With the European Union lifting curbs on Romanians and Bulgarians from working across the 28-nation bloc on the first day of the year, a number of strains have surfaced in crisis-hit Europe. After the southern European nations joined the alliance seven years ago, citizens of the poorest countries in the bloc were given the right to work only with transitional controls.
With Europe fighting a debilitating debt crisis, unemployment across the continent, especially in the south — Italy, France and Greece — has surged. Europeans see the move by Brussels as a threat to their prospects of finding employment in weakening economies that are struggling with huge debts and declining outputs. Political parties in the continent, especially those with rightist leanings, see this as an opportunity to cash in on mass sentiments of discontent in the population. Far-right political groupings like Greece’s Golden Dawn will likely use the issue to whip up nationalistic and communal frenzy. The party is known to target immigrants in the crisis-hit country, stoking sentiments in the citizenry that is finding it hard to swallow the bitter pill of austerity for close to eight years now.
Italy is already rife with anti-immigrant sentiments. The island of Lampedusa in the Mediterranean Sea has become a byword for hundreds of desperate Africans trying to make it to the ‘Europe of their dreams’. Island residents have tried to thwart Africans from stepping ashore — with many an immigrant boat the target of hostile residents.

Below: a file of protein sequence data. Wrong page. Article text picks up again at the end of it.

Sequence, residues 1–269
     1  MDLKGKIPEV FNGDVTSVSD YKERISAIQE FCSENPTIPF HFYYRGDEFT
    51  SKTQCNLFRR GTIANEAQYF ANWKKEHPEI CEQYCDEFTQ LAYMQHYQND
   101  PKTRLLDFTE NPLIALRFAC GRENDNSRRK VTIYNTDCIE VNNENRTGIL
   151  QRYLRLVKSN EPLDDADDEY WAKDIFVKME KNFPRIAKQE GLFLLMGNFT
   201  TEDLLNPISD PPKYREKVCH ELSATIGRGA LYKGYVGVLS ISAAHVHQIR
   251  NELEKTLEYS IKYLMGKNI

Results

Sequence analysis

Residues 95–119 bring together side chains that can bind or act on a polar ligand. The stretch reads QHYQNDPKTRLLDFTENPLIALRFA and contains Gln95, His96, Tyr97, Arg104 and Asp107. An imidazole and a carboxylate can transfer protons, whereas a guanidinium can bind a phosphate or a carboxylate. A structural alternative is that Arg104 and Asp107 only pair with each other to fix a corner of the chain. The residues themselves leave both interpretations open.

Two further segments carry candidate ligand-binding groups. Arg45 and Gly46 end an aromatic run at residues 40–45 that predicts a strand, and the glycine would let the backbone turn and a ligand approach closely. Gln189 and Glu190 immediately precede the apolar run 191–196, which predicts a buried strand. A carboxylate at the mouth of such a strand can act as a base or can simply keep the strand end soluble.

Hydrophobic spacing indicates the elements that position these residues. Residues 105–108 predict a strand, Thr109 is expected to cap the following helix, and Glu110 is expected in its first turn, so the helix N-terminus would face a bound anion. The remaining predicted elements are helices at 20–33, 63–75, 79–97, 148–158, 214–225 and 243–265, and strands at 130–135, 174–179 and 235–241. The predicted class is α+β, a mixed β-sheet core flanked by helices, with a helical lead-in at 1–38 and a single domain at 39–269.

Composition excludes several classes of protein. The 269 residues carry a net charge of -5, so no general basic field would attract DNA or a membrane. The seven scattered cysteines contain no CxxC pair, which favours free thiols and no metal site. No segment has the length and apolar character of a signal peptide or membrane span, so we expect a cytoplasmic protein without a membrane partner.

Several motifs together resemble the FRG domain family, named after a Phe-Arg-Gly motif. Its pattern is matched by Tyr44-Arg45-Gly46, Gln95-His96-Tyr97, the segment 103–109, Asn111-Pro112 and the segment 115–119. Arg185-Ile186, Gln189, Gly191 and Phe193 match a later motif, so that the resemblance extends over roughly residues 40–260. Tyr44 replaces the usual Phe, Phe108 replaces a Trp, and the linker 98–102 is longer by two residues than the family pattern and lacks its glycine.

Bulgarians and Romanians have lived with the reputation of being on the fringes of development and meeting the requirements of the low-end job market. The Romas — who are stateless people and don’t have much to do with the organised job market — are present in large numbers in the two states. Though they are innocuously placed to affect any policy by Brussels or be affected by it, many a far right party might use the latest move by the EU executive to rally anti-immigrant sentiment.
There have been murmurs of discontent in German Chancellor Angela Merkel’s ruling coalition against the latest EU move. Coalition partner Christian Social Union (CSU), which is Merkel’s ruling party in Bavaria, has spoken with concern about “benefit tourism.” CSU has spoken about the fear of abuse of the welfare system. However, the Foreign Ministry has hit out at any scepticism over Romanians and Bulgarians in the employment circuit.
Thousands of Romanians and Bulgarians have been working in all European Union nations and other countries on the fringes of the alliance. The idea of Europe has been based on freedom of movement and integration of the job market. Europeans will be able to soon figure out that the EU executive is not wrong•